In the May 10, 2017 Huffington Post article, “Psychologists Explain Why Food Memories Can Feel so Powerful,” Susan Whitborne, professor of psychological and brain sciences at the University of Massachusetts, explains why we tend to have such a deep nostalgic connection with food.

“Food memories are more sensory than other memories in that they involve all five senses, so when you’re that thoroughly engaged with the stimulus it has a more powerful effect,” says Whitborne.

According to Whitborne, it’s not just using sight or taste but all the senses, and that layers richness into food memories.

“Food memories feel so nostalgic because there’s all this context of when you were preparing or eating this food, so the food becomes almost symbolic of other meaning,” Whitbourne says. “A lot of our memories as children, it’s not so much the apple pie, for example, but the whole experience of being a family, being nourished, and that acquires a lot of symbolism apart from the sensory quality.”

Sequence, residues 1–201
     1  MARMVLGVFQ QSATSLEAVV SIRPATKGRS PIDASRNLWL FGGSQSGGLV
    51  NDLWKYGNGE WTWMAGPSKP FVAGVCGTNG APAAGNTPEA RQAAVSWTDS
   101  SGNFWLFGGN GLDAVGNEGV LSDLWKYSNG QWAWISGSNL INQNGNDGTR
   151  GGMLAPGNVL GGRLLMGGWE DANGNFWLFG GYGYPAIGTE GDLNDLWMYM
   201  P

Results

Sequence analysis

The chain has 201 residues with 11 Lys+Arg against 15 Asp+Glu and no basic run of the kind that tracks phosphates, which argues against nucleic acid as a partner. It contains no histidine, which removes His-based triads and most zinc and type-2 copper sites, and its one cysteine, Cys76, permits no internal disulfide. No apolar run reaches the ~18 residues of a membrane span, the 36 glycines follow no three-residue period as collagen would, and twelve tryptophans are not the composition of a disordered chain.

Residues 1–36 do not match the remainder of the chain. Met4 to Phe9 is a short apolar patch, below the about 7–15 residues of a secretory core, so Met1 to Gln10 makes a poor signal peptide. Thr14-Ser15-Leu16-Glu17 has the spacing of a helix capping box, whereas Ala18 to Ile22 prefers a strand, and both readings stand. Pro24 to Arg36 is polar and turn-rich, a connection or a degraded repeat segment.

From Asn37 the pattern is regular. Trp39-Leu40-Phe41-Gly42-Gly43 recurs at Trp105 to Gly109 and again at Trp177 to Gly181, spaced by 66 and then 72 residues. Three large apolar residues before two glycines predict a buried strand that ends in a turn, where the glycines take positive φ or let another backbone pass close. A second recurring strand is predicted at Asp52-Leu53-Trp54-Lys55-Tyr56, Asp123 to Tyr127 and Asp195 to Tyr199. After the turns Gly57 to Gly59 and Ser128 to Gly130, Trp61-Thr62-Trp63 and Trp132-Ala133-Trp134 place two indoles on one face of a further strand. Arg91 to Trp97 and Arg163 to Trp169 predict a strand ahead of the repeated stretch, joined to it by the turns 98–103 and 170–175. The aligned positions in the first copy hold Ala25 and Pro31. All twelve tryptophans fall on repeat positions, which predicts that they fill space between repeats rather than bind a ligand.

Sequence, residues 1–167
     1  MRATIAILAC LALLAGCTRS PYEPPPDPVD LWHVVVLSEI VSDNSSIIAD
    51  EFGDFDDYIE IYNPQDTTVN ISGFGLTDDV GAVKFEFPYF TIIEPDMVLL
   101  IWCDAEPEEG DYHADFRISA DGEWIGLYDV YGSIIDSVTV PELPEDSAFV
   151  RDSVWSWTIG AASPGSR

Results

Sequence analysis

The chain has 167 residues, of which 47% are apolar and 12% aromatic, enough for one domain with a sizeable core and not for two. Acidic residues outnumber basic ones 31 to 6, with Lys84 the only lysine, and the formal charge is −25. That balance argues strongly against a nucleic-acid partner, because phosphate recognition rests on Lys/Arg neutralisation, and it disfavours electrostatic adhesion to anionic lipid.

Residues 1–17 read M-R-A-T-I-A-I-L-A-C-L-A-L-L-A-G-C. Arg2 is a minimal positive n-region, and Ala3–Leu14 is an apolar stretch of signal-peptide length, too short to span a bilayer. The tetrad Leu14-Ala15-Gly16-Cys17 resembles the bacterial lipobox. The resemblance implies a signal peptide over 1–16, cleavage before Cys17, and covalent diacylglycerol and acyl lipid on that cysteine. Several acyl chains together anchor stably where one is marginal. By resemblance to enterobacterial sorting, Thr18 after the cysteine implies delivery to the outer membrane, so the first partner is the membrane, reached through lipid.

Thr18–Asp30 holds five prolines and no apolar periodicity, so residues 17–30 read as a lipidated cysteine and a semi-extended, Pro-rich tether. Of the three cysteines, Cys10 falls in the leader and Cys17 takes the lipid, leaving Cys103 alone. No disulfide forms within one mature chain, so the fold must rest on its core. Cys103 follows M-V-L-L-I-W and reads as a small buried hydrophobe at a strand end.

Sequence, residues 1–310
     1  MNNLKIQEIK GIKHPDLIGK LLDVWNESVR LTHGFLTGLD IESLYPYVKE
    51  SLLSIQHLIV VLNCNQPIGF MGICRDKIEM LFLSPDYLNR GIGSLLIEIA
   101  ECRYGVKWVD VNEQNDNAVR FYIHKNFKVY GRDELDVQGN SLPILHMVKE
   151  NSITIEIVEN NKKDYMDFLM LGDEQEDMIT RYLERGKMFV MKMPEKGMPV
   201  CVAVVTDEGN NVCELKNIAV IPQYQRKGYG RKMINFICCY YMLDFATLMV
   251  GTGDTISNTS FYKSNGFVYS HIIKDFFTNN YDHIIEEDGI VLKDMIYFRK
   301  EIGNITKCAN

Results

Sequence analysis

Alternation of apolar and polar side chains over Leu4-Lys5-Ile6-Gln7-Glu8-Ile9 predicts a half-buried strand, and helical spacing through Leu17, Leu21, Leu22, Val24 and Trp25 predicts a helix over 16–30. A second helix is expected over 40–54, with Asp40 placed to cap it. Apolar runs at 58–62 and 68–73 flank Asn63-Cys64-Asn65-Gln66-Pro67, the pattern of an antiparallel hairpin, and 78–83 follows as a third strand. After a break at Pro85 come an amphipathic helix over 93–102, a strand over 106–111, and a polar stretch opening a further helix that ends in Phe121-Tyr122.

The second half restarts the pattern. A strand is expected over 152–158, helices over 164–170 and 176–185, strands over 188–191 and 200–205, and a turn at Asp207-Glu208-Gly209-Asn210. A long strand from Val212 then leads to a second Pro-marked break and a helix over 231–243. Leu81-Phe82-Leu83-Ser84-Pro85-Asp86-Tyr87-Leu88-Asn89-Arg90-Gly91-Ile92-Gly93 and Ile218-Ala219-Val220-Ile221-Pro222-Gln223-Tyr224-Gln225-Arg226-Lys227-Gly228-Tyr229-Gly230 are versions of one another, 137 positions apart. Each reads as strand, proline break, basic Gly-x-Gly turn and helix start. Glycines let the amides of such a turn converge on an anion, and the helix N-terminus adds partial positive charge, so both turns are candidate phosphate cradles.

At Kennewick Memory Care, we choose our dining menus with this thought in mind. From morning oatmeal to a beef stroganoff dinner to fresh baked cookies for dessert, our menu is developed with a nod to the familiar, seasonal favorites our residents were raised on and the comfort these foods can bring. If you have a family favorite you think our residents would enjoy, please feel free to share!

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